How To Insulate A Dog House- Materials, Tips & Guide

Fivebarks is reader-supported. We may earn a small commission through products purchased using links on this page.

If you live in an area with cold winters, you might have seen fish staying entirely still in super cold water. Have you ever wondered why we don’t stand still when the temperature dips below 50 Degrees Fahrenheit?

It’s because we are warm-blooded! Warm-blooded animals, like humans or dogs, maintain a stable internal temperature year round. That’s why you don’t see any fish with jackets!

This can be a really difficult & energy-consuming process to do, which is why we use heaters & ACs to help bring us back to normal.

If you have a dog that stays outdoors in the colder months, you can make his life a lot easier & more comfortable by investing in a well-insulated dog house. Or, you can try out these tips to insulate it yourself!

Insulative Materials

If you are thinking about insulating the doghouse yourself, we recommend these materials that are very useful but don’t break the bank. 

Fiberglass

Owens Corning Pink Fiberglass Insulationl

This is a traditional insulation material for doghouses. Fiberglass insulation is the pink material that you’ve probably seen in your attic.

It’s an extremely practical insulator, which is why it’s used in house insulation. Insulation is measured on a scale of R; the higher the number, the more powerful the insulator. Fiberglass has the highest R-value of any of the materials. 

This is also one of the only materials that work in both extreme heat & extreme cold. 

This lightweight material also slows moisture deterioration, making it a great option for wood doghouses. It is also suitable for extreme cold and hot weather.

However, make sure that you keep this fiberglass between 2 solid layers of wood. It could be very harmful if your dog chews through it.

You can staple fiberglass on the doghouse’s walls, ceiling, and floor for extra heat retention. It’s very easy to work with; all you need is a sturdy pair of scissors to cut it to shape. Be careful when working with it, though, as it can cause rashes & irritate your lungs if breathed in.

Foam Spray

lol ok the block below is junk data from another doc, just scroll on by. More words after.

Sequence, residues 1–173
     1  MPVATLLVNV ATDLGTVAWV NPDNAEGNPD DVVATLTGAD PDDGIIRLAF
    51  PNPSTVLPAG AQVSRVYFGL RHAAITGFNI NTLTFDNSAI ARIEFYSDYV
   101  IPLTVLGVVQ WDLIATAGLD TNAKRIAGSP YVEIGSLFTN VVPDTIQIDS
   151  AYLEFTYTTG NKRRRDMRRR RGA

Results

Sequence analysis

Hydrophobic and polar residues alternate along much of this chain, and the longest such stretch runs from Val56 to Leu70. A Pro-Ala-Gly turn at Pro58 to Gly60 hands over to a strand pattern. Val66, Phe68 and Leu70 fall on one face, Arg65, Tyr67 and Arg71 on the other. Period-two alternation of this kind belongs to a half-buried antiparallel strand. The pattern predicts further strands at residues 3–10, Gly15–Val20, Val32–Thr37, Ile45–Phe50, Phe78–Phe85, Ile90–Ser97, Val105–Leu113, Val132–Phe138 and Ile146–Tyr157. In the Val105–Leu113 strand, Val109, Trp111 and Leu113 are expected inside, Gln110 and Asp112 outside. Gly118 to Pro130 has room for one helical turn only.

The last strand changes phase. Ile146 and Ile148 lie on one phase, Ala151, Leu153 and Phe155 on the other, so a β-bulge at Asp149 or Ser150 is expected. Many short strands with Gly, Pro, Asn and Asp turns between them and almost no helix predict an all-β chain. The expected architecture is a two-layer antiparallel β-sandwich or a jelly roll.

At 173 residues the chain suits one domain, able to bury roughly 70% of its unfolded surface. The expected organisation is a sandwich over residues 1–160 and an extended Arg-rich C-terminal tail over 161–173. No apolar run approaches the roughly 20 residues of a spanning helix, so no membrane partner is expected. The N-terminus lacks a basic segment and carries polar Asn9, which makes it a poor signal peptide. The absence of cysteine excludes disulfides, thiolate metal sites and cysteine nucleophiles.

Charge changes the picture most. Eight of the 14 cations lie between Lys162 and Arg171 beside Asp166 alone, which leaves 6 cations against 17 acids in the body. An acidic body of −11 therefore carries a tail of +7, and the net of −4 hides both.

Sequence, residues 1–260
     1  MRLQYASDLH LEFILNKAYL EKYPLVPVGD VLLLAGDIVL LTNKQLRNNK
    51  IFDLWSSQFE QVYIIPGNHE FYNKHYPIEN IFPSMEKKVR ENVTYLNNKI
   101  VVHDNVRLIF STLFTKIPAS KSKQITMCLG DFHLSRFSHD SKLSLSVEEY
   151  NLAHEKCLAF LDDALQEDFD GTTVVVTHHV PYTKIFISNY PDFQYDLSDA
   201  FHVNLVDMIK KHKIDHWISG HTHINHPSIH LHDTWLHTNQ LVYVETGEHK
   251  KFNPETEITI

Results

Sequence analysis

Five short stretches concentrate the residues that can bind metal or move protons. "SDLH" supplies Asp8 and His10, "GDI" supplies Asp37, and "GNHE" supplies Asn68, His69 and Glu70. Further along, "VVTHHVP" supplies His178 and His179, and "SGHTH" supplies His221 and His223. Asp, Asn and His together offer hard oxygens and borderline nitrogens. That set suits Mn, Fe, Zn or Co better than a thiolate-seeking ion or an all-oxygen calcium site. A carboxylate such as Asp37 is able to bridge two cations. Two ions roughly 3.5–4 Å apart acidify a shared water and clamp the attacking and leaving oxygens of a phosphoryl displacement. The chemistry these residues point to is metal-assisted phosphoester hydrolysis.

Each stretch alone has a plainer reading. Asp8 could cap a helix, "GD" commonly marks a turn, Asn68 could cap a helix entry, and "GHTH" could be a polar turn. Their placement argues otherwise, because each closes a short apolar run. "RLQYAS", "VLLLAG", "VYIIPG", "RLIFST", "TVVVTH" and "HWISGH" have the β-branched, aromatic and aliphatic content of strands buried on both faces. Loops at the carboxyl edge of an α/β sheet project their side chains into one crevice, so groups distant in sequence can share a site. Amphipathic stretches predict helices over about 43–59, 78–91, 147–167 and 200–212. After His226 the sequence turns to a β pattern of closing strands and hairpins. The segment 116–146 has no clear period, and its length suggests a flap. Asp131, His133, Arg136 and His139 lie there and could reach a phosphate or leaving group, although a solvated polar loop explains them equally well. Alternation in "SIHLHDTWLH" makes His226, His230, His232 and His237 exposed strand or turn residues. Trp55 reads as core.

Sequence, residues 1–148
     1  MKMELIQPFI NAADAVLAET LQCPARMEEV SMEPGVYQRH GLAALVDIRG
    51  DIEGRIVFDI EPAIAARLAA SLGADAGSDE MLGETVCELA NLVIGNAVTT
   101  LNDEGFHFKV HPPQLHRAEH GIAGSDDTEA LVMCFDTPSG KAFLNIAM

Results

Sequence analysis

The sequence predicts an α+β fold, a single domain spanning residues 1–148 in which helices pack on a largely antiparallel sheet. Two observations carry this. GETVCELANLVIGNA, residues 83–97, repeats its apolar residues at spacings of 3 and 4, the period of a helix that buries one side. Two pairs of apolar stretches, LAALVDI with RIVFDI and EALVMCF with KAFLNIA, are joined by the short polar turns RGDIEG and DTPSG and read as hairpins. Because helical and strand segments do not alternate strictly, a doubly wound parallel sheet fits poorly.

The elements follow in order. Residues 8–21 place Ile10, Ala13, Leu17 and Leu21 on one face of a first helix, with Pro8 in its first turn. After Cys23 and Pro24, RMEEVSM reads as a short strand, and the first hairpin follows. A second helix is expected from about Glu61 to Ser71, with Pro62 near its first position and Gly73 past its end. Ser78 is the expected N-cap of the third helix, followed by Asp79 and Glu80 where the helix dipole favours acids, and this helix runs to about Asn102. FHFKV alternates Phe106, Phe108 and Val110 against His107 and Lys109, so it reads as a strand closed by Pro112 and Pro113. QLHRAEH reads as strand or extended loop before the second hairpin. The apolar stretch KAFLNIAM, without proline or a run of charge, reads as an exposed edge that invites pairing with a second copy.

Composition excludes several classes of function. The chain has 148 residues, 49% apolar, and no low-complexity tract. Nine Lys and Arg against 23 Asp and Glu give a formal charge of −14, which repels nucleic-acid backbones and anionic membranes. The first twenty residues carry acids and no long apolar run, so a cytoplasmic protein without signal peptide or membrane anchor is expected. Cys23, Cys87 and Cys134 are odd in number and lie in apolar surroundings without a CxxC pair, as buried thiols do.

Loctite Tite Foam Big Gaps White Insulating Foam Sealant

Foam spray is a slightly more expensive option for insulation. Spray foam comes in a can; all you have to do is spray it & it expands to fill up the available space. 

This makes foam insulation great for small spaces, like corners or repairs. Make sure to use foam with vapor barriers & protection if you would like to use it on a large area.

Spray foam doesn’t absorb water, so it is mold resistant, which is great for a plastic or wood dog house.

To install, simply spray it between the two layers; however, you must work quickly because the foam expands really fast, and you need to make sure that you have the 2nd layer ready by then. 

There is a slight risk of the foam insulation shrinking over time, which could leave the house unstable. Consider the climate you have before investing in foam insulation.

Aluminum Bubble Wrap

Double Bubble Reflective Foil Insulation

Just like aluminum foil helps to keep our food nice and warm, this shiny reflective bubble insulation helps keep your puppy toasty. Aluminum foil bubble insulation works on two principles: reflection & trapping heat.

Just like a sweater helps to trap our body heat near our skin, these bubbles hold air that is the perfect temperature for our dogs. These bubbles are lined with a layer of aluminum. This reflective insulation stops heat from transferring into the doghouse.

Clearly, aluminum bubble wrap is a great option for wood houses; just make sure that it’s covered to prevent your bored pup from chewing it up.

However, we wouldn’t recommend reflective bubble wrap for plastic dog houses as it can severely limit air circulation. If you do decide to use this, you must keep an air pocket between the bubble wrap and one wall panel to allow some airflow. 

Styrofoam

YOUEON 12 Pack Rectangle Styrofoam Blocks

Polystyrene Foam, more commonly known as styrofoam, is probably the cheapest insulative material because you don’t even need to buy it!

Just save some whenever you get a package or ask if any small businesses could sell some for you for a low price. Chances are they were going to throw it away anyways!

Styrofoam is an effective insulation material. If you feel that it isn’t providing your pup with proper insulation, then simply increase the thickness of the styrofoam that you add. 

However, you must be wary of styrofoam’s life span. It is not the most durable option, and if your dog gets ahold of it, they will rip it up! So, I recommend stapling styrofoam panels down & then placing a wood panel on top. 

Carpet

Happybuy Gray Marine Carpet